Clean Technology Tower: Elegant Mix of Biomimicry, Wind Design + Solar Power

Clean Technology Tower If you haven't noticed, Adrian Smith and Gordon Gill have been showing off some seriously green designs since leaving SOM* — this building is another such example.  One of their newest projects, Clean Technology Tower, builds on principles of biomimicry and utilizes technology and building systems to interact with the surrounding environment.  As you'll notice from the renderings below, wind turbines are located at the building's corners to capture wind at its highest velocity as it accelerates around the building.  The number of turbines in the structure increases as you climb up towards the apex, where there's a veritable wind farm!  Also at the top of the skyscraper, where winds are at a maximum, is a domed double roof cavity that captures air for the wind farm.  The dome itself is also clad in photovoltaic cells that harness the sun's energy.

Located near public and private transportation, Clean Technology Tower will house roughly 1.8 million sf of office and 300k sf of hotel space.  Although I'm not sure of the green skyscraper's precise location, Smith + Gill promises unparalleled views of Lake Michigan and the Chicago River from the dome atrium.  Imagine working in a building where you can take the elevator to the top, watch the turbines whirl away, and see the entire city.  It doesn't get much better than that.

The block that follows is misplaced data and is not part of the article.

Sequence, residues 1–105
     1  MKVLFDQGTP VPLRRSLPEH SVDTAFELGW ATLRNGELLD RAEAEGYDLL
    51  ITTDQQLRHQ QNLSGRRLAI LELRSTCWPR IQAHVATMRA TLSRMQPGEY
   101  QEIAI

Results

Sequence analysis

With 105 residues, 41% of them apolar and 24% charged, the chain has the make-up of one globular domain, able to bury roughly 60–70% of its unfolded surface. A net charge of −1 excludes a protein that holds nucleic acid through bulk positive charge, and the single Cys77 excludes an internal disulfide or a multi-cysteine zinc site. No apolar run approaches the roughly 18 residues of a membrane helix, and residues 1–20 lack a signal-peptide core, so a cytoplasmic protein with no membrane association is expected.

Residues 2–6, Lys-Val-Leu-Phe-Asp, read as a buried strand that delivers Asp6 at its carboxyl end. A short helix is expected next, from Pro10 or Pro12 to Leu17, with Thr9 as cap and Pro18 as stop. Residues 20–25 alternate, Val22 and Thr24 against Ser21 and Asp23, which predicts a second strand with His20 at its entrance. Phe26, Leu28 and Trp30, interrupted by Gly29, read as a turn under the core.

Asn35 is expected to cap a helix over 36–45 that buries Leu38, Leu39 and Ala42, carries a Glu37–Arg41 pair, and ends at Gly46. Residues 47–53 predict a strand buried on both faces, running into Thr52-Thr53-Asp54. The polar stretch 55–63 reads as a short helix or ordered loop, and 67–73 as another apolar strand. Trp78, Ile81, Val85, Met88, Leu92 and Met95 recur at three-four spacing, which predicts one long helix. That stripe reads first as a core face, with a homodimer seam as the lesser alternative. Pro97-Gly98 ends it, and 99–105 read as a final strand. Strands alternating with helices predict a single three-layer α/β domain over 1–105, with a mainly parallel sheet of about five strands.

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By |March 21st, 2008|Modern architecture, Nature, Skyscraper, Solar, Wind|2 Comments

Zorlu Ecocity, a Striking Green City within a City

Zorluecocity

Zorlu Ecocity is a Llewelyn Davies Yeang project located in Istanbul, Turkey.  It’s a mixed-use development located at the southern extremity of Buyukdere Street in Istanbul.  The plan is conceptualized as a "city within a city" and conforms to the city’s planning strategy to multiply the number of urban centers throughout the Marma region to relieve pressure on Istanbul’s historic core. 

Zorlu Ecocity will have 588,850 sm (6,338,329 sf) of accommodation, which includes office towers, residential towers, two hotels, apartments, and resort-style elderly units above a three story retail complex.  In total, we’re talking about 14 towers ranging from 8 to 26 stories. 

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By |February 10th, 2008|Land Use, Modern architecture, Nature, Skyscraper, Vegetation|0 Comments

110 The Embarcadero, Simple and Viny Design

Sfgreen

This is a concept rendering for 110 The Embarcadero.  We’re talking about very early stages here (this hasn’t been submitted to the planning committee yet), but the San Francisco Chronicle just profiled the new design.  The building is a 10-story structure envisioned for Embarcadero and designed by Pelli Clarke Pelli Architects for Hines.  The result, as you can see, is a glassy, viny, green mid-rise skyscraper.  I think 110 The Embarcadero is quite easy on the eye, to be entirely honest, and due to the simple design, it probably has excellent floor plates with great daylighting and views.  Can’t beat the location either, with a bird’s eye of both the city and the bay.